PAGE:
• Entering one-time passcodes works even when there is limited cell service in the area and no internet connectivity whatsoever. The random codes themselves contain all the required authentication information. No signal is required to generate or validate them. This means SMS authentication works offline.

Cons of SMS 2FA

While SMS 2FA does enhance account security over password-only authentication, it still has some notable weaknesses that administrators, developers, and end-users should be aware of:

  • The SMS messages transmitting the one-time passcodes themselves are not encrypted. The codes are visible plaintext and traverse the cellular network, vulnerable to technical attacks like SS7 exploits or by parties like malicious telecom insiders.
  • SMS authentication remains susceptible to "SIM swapping" social engineering attacks. If a cybercriminal successfully transfers or ports the target's phone number onto their own SIM card, they will then receive any 2FA verification messages rather than the genuine user. This completely circumvents SMS 2FA protections.
  • Most SMS passcodes remain valid and usable for verification for up to 10 full minutes before expiring. Compared to other 2FA methods like TOTPs (Time-Based One-Time Passwords), this lengthy lifespan provides more opportunity for passcode theft or guessing.
  • Relying entirely on SMS authentication means losing access to the linked mobile phone device, forgetting it at home, having no signal, or losing that device's SIM card, which can mean getting unexpectedly locked out of online accounts for an extended period of time.

Use Cases for SMS 2FA

  • Low Sensitivity Accounts - Ideal for services like social media sites, gaming profiles, retail sites and entertainment where passwords alone are inadequate but threats are lower.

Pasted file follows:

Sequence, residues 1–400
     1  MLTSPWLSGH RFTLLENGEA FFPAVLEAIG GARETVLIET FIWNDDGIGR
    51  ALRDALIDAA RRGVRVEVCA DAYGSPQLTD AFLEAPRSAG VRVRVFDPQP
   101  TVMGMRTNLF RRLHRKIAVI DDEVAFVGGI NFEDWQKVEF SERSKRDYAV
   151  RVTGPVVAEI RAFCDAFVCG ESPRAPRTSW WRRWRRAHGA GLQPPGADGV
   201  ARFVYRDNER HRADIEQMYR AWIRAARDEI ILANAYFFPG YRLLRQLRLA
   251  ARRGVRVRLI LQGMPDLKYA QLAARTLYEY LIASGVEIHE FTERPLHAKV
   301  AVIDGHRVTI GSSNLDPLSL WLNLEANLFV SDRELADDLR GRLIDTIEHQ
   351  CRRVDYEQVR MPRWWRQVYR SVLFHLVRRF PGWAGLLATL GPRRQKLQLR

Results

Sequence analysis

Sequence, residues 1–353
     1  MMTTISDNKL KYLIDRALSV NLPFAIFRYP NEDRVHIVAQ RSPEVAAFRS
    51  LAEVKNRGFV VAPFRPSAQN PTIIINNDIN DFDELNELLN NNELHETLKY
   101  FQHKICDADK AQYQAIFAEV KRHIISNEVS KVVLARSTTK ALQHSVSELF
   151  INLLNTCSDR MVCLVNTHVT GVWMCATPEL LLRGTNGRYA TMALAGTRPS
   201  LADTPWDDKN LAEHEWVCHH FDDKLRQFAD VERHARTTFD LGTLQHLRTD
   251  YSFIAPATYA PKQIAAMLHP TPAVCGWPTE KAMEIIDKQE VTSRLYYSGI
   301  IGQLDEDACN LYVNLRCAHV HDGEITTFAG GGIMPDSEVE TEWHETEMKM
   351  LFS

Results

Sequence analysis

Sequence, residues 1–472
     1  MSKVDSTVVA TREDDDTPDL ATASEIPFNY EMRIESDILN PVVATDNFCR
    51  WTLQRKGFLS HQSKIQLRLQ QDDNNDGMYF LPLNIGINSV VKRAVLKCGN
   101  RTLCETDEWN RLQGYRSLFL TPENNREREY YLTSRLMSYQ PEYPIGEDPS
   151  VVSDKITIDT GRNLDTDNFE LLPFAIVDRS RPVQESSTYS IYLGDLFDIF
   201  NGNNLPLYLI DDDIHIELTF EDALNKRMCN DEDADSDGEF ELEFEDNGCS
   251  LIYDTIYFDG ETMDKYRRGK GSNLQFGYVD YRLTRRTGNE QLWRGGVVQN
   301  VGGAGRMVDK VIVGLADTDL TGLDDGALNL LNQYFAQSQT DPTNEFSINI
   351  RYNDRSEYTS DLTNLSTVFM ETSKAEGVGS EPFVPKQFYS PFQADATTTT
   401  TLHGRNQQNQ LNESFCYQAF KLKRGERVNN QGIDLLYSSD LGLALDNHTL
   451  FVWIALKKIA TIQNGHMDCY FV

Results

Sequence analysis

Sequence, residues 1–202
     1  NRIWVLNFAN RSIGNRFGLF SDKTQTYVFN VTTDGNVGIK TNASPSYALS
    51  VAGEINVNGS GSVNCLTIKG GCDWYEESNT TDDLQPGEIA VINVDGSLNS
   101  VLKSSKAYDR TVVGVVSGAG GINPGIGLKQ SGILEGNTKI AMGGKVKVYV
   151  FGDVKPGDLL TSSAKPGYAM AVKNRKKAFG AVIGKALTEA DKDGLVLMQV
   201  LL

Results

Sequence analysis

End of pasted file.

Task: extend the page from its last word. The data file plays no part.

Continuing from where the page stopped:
• Users Without Smartphones - Allows services to offer basic two-step verification even to users that only have basic cell phones.
  • Infrequent Backup Login Method - SMS codes provide account access backup if someone misplaces their security key or loses access to their authenticator app.
  • Transitional Option When Heightening Security - SMS 2FA serves as an interim improvement for services moving from single-factor to more stringent Multi-Factor authentication.


SMS two-factor authentication takes advantage of ubiquitous text messaging availability to implement an additional layer of account login security. By requiring access to not just a password but also the registered user's phone number, it defends against basic unauthorised access attempts as well as leaked credential phishing attacks.

While still inferior to advanced Multi-Factor authentication hardware and cryptographic methods, SMS 2FA provides a simple way for both administrators and average end users to meaningfully improve upon reliance solely on unchanging passwords.

Industry-leading security tools like Multi-Factor authentication by Instasafe create an extra layer of protection by requiring you to authenticate your identity when logging into your accounts.

Moreover, InstaSafe's solution safeguards your sensitive information from unauthorised access.

Frequently Asked Questions (FAQs)

  1. Is SMS 2FA safe?

SMS 2FA is reasonably safe for most users, but risks remain like SIM swapping or SMS interception that lower security versus authenticator apps.

2. How can I get a 2FA code by SMS?

Enable 2FA on your account, provide your phone number, and then 2FA codes will be texted to you automatically when logging in.

3. Why do banks use SMS 2FA?

Banks use SMS 2FA because it's cost-effective, accessible for users, and far more secure than passwords alone against account takeovers.

4. What are some SMS 2FA alternatives?

Some popular MFA alternatives to SMS 2FA are TOTPS and authenticator apps like Google Authenticator; mobile push notifications, FIDO2 (WebAuthn) and typing biometrics.